Hacker Traffic Jam

Hackers broke into Russia’s largest ride-hailing service app, Yandex Taxi – similar to the likes of Uber – on Thursday morning and send hundreds of cabs to the same location causing a traffic jam in central Moscow.

The hackers directed the taxi drivers to go to Kutuzovsky Prospekt, a major six-lane road that runs east to the west leading into the centre of the Russian capital and is widely known for the Stalinist-era building called Hotel Ukraina (Hotel Ukraine).

Video circulated on social media from inside one of the cabs shows dozens of yellow cars working for Yandex Taxi barely moving – all pointing in the same direction – along the same busy road that runs past the Hotel Ukraine, causing an unprecedented traffic jam in the lanes.

The person who recorded the footage then shows the taxi driver’s navigational system, which displays an address on the Kutuzovsky Prospekt. Even the police who were trying to regulate the vehicles on the road were also recorded in the video footage.

Sharing the video clip on Twitter, one user captioned it: “Someone hacked #YandexTaxi and ordered all available taxis to Kutuzov Prospect in Moscow Now there is a huge traffic jam with taxis. It‘s like James Bond movie.”

 

Yandex Taxi confirmed that it was the target of a cyberattack and that its taxi drivers in the capital received dozens of fake orders all leading them to the same spot.

“On the morning of September 1, Yandex Taxi encountered an attempt by attackers to disrupt the service – several dozen drivers received bulk orders to the Fili district of Moscow,” the company said in a statement to Forbes Russia.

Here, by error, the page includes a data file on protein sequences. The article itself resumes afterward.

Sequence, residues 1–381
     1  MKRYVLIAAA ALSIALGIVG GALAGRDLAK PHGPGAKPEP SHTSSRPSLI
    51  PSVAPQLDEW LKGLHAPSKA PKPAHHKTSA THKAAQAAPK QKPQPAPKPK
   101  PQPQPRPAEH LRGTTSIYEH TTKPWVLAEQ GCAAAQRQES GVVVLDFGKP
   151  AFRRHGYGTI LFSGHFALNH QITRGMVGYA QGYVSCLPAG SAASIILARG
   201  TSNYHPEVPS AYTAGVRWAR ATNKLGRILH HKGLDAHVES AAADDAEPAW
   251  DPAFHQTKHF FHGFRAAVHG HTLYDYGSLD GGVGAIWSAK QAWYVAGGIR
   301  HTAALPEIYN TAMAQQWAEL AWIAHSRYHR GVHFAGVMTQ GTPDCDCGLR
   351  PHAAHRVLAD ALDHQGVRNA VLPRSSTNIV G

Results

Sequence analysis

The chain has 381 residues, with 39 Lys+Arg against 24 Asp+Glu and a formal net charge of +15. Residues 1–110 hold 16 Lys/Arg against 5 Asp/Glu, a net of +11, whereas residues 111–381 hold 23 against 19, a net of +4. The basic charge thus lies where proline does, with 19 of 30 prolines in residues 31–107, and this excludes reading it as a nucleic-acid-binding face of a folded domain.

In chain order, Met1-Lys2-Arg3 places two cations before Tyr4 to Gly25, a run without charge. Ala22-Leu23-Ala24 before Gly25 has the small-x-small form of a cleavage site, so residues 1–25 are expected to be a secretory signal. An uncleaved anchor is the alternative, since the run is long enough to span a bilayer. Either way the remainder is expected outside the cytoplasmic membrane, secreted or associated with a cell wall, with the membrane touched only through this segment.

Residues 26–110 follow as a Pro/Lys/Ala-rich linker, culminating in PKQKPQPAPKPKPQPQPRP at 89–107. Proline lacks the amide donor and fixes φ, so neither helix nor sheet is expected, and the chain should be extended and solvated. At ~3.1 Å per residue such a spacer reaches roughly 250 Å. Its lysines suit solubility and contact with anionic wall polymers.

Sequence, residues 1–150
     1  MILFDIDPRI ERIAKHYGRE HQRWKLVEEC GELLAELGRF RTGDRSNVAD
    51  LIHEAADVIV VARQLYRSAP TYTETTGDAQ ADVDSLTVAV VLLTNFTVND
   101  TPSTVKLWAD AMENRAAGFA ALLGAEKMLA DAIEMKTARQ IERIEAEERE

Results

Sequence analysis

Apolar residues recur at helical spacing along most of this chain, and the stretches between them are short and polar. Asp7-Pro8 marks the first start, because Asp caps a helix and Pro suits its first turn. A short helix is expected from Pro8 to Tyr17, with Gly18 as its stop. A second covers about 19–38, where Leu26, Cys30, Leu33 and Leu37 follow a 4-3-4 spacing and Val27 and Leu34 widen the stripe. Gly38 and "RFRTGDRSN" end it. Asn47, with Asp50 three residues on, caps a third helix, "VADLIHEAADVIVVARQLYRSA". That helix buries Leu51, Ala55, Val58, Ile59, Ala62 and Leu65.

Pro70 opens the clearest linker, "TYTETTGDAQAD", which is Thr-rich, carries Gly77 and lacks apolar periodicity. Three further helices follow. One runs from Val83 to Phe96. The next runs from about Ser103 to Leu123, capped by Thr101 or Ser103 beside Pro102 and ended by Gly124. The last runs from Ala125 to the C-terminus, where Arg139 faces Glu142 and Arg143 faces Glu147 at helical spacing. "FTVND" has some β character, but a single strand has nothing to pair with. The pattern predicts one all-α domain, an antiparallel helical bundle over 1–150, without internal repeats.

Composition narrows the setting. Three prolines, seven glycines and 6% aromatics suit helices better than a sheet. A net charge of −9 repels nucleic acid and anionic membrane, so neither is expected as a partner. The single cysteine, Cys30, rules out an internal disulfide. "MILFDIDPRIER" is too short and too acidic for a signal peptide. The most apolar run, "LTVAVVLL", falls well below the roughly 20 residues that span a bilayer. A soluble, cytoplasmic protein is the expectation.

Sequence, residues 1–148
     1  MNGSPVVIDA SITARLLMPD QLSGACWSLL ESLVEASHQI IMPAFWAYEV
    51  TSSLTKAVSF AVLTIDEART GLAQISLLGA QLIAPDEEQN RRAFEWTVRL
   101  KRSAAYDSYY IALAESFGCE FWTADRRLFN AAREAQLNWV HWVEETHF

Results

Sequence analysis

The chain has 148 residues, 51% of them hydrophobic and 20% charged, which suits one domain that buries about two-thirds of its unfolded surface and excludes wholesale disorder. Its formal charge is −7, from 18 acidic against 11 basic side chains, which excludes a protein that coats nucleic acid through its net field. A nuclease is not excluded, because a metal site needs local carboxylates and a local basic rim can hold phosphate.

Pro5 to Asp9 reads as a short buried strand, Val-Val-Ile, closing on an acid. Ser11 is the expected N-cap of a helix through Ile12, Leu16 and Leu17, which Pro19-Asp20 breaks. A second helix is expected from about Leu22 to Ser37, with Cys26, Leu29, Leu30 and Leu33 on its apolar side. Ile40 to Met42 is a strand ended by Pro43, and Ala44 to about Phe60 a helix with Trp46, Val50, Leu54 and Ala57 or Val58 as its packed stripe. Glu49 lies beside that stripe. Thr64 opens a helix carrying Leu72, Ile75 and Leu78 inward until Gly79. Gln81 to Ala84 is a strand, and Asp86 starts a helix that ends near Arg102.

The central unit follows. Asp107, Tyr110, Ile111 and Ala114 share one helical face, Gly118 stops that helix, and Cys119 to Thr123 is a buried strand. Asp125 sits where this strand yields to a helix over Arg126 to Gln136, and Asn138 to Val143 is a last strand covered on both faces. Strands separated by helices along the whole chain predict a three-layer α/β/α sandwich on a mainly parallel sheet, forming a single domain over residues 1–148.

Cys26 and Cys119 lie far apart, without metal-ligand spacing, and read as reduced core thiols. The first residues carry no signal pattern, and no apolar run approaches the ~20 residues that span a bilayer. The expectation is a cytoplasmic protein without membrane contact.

“The security service of Yandex Taxi promptly stopped the attempts of artificial congestion of cars and improved the algorithm for detecting and preventing such attacks to prevent similar incidents in the future.”

Fili is a Moscow district located on the northern side of the Kutuzovsky Prospekt. Yandex Taxi said that it “immediately stopped attempts to artificially” order the taxis the moment it detected the security breach; however, it was too late to avoid the traffic congestion.

The major road is so broad that it rarely has traffic jams with vehicles being able to drive in any of the eight to ten lanes. However, drivers had to spend about 40 minutes in traffic on Thursday due to fake pick-up orders.

The company said: “The security service promptly stopped attempts to artificially accumulate cars. Drivers spent about 40 minutes in traffic due to fake orders. The issue of compensation will be resolved in the very near future.”

The Twitter page of Anonymous TV (@YourAnonTV) has taken responsibility claiming Anonymous, a group of hacktivists, was behind the breach.

It further stated that the cyberattack was part of a more widespread hacking campaign against Russia dubbed ‘OpRussia’.

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